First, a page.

Interview conducted by Aneta Pavlenko.

Multilinguals are fascinating and have been the object of a few posts already on this blog (see here and here). Today, Dr. Julie Choi of the University of Melbourne, very kindly answers our questions concerning the recent book she has published on her own multilingualism.

Would you please introduce yourself to our readers and say a few words about yourself and your languages?

I am a lecturer in Education specializing in English language teacher education at the Melbourne Graduate School of Education in Australia. I was born and raised in New York, living largely within a Korean-American community and speaking Korean (with my family), English (in school) and Konglish, that is, Korean filled with English loanwords, with other Korean-American friends. I left New York some time ago and I don’t quite see myself as American nor do I necessarily think of myself as Korean even though this is my ancestral background and I have strong familial ties to Korean.

I have spent equal numbers of years in Beijing and Tokyo being completely immersed in the languages and local and expat cultures but I never felt that I developed a meaningful identity in Chinese as I did in Japanese. My Korean acquaintances gasp in horror when I say this but my Japanese is much more fluent and ‘grown-up’ than my Korean in all of the macro skill areas because I learned it formally in school and through work. I have a history in all of these labels, languages and places, but I don't have any strong attachments to any of them.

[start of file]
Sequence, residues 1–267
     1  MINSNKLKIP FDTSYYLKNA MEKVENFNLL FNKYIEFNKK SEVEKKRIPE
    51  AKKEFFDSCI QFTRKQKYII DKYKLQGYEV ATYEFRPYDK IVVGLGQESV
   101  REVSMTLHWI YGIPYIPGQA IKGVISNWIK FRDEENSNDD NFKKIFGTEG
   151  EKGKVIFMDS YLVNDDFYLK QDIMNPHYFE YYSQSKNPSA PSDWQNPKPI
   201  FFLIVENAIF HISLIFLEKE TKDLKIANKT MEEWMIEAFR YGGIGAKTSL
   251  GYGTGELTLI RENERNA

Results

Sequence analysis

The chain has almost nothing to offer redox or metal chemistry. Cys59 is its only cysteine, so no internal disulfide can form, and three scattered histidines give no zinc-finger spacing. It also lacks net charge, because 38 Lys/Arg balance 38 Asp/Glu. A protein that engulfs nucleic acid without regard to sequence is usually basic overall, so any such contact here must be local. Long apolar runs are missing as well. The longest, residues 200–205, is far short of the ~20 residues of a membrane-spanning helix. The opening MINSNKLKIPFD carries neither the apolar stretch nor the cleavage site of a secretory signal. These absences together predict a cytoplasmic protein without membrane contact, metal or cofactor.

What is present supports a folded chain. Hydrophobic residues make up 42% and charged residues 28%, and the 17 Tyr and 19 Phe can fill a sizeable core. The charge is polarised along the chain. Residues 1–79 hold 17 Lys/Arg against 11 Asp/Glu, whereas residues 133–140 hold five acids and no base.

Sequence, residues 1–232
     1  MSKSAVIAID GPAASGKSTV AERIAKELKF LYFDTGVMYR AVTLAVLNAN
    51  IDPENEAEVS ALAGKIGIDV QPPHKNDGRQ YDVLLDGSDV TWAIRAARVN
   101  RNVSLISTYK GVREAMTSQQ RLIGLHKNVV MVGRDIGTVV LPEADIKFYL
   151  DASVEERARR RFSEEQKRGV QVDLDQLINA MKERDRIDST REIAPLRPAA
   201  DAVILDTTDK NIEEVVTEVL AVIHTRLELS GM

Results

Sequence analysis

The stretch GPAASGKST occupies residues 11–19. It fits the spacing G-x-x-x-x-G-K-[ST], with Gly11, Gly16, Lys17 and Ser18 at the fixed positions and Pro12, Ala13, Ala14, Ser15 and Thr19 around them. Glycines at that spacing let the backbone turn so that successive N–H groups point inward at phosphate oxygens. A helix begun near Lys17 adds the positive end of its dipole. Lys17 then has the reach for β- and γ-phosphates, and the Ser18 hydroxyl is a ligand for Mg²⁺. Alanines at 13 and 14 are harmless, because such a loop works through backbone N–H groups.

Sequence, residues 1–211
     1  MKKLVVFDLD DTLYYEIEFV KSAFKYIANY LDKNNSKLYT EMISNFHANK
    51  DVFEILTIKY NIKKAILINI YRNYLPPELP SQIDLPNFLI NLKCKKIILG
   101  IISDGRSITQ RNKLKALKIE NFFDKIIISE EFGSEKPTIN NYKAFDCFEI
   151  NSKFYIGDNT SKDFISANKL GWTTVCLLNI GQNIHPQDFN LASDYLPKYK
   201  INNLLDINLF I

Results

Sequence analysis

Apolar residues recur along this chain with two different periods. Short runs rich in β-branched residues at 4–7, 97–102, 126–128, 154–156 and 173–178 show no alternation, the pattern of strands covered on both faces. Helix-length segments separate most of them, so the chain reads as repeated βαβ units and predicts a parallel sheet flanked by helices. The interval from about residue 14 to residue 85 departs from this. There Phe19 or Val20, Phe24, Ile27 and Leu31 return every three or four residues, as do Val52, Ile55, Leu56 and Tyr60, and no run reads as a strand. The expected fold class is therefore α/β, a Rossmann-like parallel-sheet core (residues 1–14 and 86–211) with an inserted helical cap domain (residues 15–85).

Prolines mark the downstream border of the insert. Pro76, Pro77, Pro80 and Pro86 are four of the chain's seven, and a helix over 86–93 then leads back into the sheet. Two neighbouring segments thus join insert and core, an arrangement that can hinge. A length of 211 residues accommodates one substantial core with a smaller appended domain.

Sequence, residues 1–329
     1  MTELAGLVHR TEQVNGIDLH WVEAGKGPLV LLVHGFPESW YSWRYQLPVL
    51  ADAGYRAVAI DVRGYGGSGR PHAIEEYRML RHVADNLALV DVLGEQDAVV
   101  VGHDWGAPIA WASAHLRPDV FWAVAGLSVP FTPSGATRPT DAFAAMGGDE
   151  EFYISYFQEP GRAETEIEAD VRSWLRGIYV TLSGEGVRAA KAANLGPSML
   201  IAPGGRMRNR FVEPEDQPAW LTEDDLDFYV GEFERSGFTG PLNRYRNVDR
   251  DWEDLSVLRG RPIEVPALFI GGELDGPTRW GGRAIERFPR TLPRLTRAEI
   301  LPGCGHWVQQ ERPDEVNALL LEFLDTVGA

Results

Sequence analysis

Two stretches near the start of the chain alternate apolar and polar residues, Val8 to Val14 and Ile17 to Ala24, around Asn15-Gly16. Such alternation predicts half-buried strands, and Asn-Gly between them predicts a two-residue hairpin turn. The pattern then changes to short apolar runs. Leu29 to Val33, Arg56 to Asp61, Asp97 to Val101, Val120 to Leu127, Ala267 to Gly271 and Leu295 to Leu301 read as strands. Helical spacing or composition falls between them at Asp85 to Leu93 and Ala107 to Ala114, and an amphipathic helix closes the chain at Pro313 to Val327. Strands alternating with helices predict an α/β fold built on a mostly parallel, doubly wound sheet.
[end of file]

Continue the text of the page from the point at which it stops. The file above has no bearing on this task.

What prompted you to write a book about your own multilingualism?

I’ve been keeping a diary since I was a little girl. When I started working on my Master’s thesis, I found research related to growing up in multiple languages. What researchers could see and say about their participants’ multilingual identities was fascinating, rich and valuable for me to read as a grad student but I felt there was a gap – I wanted to hear how multilinguals themselves make sense of their lives through research practices. I wondered how one would do that kind of work in academia.

So I started to piece entries together in my Master’s thesis using narrative methods. At the end of that journey I was left with many more questions about diaries, materials that kept falling out of the diaries (e.g. letters, pictures, cards, teachers’ notes etc.), and how we come to make sense of our linguistic and cultural identities and realities. I wanted to rewrite my thesis (my life) with more critical insights so I decided to continue pursuing this area further in a PhD using autoethnography. The product of this 10-year journey is this book.

You begin your book with a fascinating story of the many names you had in English, Korean, Chinese and Japanese. Do all of these names refer to the same person? 

I think they do, although the people using these names may have a very particular view of me. For instance, my name Juri when used by my family embodies me with my position and history as the youngest sister, daughter, cousin, etc. For my Japanese friends, my name is associated with being their Korean-American friend who speaks Japanese and teaches English. My Chinese name Zhu Li is used by my school teachers who see me as a Korean-American student and by my Chinese students who see me as their Korean-American teacher who speaks Chinese.